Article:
The power of 15 minutes of fame can’t be denied, either. “People often value the recognition more than the reward,” says Provenzano. The awards are given in front of the whole company and documented on the company intranet. That was certainly true at Knight Capital, which offers a $2,000 award to one employee per month. With each department getting approximately one shot a year, the winner from finance last year “was in tears” when the CEO announced her award, Quall says. The employee had done a lot of cleanup work on books and records after a colleague left abruptly, but “she told me, ‘It was only when I got that companywide recognition that I really felt like I accomplished something,’” he says.
Keeping the threshold high for awards is key, says Gochman, as is making sure that they reward the right behavior. “A lot of companies have realized that people were giving spot awards for doing a job well versus doing something extraordinary,” she says. Now, more are starting to write guidelines and philosophies of recognition, wrestling with such questions as what constitutes extraordinary work and whether to reward teams or individuals.
And finance executives shouldn’t lose sight of a quicker and cheaper fix that is perhaps equally as effective: a verbal or e-mailed thank-you. Singling people out for praise at an all-department meeting, or inviting them in for a meeting in the C-suite, can do wonders for making people feel good, Gochman notes. As Hosein says: “Throwing money at the problem is not always the answer.”
Building on research that shows that employees are less likely to leave a company if they feel they have friends on staff, many companies are aiming to step up their team-building activities. Community-service projects are one popular way to do this, says Jodi Chavez, senior vice president at Ajilon Finance.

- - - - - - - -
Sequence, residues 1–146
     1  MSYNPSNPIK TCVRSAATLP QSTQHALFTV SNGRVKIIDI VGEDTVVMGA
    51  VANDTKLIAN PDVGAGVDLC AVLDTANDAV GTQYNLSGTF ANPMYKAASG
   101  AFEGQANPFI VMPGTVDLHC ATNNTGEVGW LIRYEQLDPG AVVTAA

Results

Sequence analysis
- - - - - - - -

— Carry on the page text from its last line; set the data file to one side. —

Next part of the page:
At Odyssey, Alberico is currently spearheading an effort to get his finance team, along with the rest of the company, to work together on a community-service project instead of simply donating money to a cause. “We believe that an employee who is involved in a good project sponsored by the company will feel good about belonging to the company, so indirectly, it should translate into better retention,” he says.
A longtime member of the organization Junior Achievement, which puts business executives in K-12 classrooms, Alberico now has a cross-functional team coming up with recommendations on which not-for-profit organizations would be the best fit. He says the company’s philanthropy budget is likely to stay the same, but expects to get a lot more bang for the buck.
Some Fixes Aren’t Quick
A word of caution: setting up these programs can take time and may not be immediately fruitful. “You may not get a huge turnout the first time, but the people who do it will probably come back with great stories about how they were touched, and you’ll likely get more next time,” says Dernavich. It’s also important to figure out whether people are willing to do such projects on their own time, after work hours, or if they need to be scheduled within the 9-to-5 timeframe.